cognitive bias

I’ve come across a lot of bias on the internet. I have even spoken at length in previous articles about Confirmation Bias, and how I have made mistakes through a cognitive bias to people I trust.

I’ve noticed in conversations with people I felt I had a mutual respect with, they are often less inclined to listen if I suggest something they don’t agree with. This is amplified if the suggestion is something that is against the general atheist consensus of something, especially if I am agreeing with a theist. I understand and am aware that my expectations of others are a form of bias in itself, and my awareness helps minimise (but not remove completely) my disappointment.

Shut Downs


Often, the shut down will not be a reasoned one, but will be along the lines of “Well philosophy is changing the definition” or “no, it means x”, rather than actually looking at the original roots.

Language evolves as I have noted a number of times through my conflated terms series. My goal with that series is to expand on definitions, give people an idea of word roots, and which definitions are correct for particular topics.

Conflated and Misunderstood Terms terms atheist science morality belief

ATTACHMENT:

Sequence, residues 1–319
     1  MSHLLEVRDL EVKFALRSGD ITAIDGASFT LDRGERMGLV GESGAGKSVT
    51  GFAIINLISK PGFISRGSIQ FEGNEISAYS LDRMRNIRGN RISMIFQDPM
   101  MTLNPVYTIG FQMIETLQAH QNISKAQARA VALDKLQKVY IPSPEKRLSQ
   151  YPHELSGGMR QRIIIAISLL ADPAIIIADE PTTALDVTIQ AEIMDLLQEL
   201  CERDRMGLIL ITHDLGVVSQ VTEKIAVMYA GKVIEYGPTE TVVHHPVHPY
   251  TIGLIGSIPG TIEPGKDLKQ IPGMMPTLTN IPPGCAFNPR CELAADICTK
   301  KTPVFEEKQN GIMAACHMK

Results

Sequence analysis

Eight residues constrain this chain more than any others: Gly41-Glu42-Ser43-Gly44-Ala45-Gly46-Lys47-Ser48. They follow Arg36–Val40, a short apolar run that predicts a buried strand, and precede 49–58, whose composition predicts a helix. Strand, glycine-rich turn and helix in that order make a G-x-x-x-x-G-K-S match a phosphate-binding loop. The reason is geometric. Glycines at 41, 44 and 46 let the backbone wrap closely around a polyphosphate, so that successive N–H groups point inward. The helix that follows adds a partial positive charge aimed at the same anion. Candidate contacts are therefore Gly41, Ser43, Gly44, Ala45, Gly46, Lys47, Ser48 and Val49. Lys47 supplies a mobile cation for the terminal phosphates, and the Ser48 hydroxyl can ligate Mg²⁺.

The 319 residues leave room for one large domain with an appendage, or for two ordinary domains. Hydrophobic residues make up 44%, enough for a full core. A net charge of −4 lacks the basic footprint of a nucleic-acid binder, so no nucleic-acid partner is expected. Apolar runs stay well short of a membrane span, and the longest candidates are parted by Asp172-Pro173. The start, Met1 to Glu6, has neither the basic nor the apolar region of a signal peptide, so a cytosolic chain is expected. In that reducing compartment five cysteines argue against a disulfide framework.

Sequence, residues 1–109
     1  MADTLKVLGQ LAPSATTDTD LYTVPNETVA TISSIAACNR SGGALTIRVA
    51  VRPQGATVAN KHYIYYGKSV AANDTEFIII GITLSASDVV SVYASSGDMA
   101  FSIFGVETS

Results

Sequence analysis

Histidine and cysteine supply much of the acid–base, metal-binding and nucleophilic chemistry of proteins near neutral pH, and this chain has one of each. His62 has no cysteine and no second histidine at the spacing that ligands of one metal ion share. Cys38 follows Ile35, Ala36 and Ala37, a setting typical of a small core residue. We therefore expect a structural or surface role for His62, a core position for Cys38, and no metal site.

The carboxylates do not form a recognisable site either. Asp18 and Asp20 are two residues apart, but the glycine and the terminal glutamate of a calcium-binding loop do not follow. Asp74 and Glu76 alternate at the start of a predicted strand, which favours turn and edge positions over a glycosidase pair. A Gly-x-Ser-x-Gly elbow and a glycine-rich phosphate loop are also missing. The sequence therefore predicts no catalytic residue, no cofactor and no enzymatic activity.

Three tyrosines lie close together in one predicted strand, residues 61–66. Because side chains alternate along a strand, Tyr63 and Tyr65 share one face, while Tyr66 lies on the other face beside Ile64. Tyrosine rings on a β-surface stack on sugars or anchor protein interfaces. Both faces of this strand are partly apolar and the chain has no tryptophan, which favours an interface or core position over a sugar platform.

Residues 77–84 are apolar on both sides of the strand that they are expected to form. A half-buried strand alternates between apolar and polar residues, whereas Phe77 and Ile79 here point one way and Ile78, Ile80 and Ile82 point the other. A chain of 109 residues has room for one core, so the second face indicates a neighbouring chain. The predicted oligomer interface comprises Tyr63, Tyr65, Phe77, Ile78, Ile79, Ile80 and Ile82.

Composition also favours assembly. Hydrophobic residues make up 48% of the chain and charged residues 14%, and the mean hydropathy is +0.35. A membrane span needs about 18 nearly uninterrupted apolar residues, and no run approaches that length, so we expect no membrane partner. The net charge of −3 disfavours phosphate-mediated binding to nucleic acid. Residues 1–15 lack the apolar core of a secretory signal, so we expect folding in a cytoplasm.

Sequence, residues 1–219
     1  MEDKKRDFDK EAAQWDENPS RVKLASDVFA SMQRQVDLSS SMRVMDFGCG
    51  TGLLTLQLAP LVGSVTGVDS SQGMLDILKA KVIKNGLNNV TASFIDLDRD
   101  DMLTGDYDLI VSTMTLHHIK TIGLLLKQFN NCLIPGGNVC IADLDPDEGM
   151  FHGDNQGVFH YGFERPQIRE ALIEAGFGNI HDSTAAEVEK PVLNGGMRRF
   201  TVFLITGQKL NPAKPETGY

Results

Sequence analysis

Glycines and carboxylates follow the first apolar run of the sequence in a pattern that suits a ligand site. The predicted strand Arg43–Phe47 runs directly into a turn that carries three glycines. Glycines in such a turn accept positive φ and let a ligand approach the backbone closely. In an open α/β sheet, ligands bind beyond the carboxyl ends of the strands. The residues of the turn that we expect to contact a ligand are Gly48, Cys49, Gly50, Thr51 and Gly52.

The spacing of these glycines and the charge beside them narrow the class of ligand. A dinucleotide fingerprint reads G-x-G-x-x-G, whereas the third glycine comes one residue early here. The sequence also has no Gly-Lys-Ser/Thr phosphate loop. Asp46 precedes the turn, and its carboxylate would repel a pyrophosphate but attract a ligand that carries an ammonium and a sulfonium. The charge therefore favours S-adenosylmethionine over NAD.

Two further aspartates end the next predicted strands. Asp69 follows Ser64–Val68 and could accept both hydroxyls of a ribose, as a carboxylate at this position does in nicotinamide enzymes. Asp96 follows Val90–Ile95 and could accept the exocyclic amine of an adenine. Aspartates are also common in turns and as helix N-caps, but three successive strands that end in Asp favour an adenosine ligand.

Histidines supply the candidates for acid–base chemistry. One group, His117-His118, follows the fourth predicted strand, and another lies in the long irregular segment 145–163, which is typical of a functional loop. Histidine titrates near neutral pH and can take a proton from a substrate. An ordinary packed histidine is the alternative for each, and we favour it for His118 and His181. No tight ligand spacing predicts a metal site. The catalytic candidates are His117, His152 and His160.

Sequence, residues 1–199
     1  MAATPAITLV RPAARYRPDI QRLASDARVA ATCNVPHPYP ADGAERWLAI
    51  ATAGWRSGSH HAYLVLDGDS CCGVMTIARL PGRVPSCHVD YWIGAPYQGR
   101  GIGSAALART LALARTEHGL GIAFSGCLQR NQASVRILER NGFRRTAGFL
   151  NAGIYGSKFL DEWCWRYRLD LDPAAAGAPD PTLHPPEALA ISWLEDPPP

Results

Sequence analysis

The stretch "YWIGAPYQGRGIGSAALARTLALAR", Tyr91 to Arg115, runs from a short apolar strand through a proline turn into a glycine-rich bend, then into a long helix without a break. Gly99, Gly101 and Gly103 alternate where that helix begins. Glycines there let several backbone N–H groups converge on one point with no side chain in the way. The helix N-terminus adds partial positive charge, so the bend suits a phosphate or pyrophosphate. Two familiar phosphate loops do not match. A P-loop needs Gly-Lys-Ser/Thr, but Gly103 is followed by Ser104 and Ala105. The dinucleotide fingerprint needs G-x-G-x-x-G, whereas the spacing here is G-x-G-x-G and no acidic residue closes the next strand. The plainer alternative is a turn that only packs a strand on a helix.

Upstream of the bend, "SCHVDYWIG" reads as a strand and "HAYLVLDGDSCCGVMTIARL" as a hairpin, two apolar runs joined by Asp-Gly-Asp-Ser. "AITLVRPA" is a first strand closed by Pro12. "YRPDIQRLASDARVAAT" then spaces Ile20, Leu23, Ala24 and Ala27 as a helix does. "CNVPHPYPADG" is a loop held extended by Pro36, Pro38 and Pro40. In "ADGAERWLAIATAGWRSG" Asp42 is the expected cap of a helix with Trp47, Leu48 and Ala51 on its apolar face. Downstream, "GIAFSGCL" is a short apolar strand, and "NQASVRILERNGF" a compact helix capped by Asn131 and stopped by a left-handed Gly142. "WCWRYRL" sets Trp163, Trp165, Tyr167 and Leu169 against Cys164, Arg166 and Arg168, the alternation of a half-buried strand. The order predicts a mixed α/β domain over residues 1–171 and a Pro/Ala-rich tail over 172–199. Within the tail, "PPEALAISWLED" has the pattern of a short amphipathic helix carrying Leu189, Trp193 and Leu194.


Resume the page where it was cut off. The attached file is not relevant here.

For example when I discussed atheism, it wasn’t to say that the “lack” position was definitely wrong but to explain it is a modern position and explain why I personally found it weak.

I can understand folks not liking a particular definition, and they can quite easily provide a rational argument for why they prefer any of them.

However simply stating that “no it doesn’t mean that, it means this” is incredibly weak, and I expect more from people. Again, I am aware of this expectation bias.

So what is Cognitive Bias?

A cognitive bias is a systematic error in thinking that affects the decisions and judgements that people make. Some of these biases are related to memory. The way you remember an event may be biased for a number of reasons and that in turn can lead to biased thinking and decision-making. Other cognitive biases might be related to problems with attention. Since attention is a limited resource, people have to be selective about what they pay attention to in the world around them. Because of this, subtle biases can creep in and influence the way you see and think about the world.

Perhaps more simply put; your brain jumps to conclusions based on these biases. These conclusions are often erroneous. In fact when people refer to a cognitive bias, they are pointing out one that is wrong.

Are Cognitive Biases always Wrong?

We are apes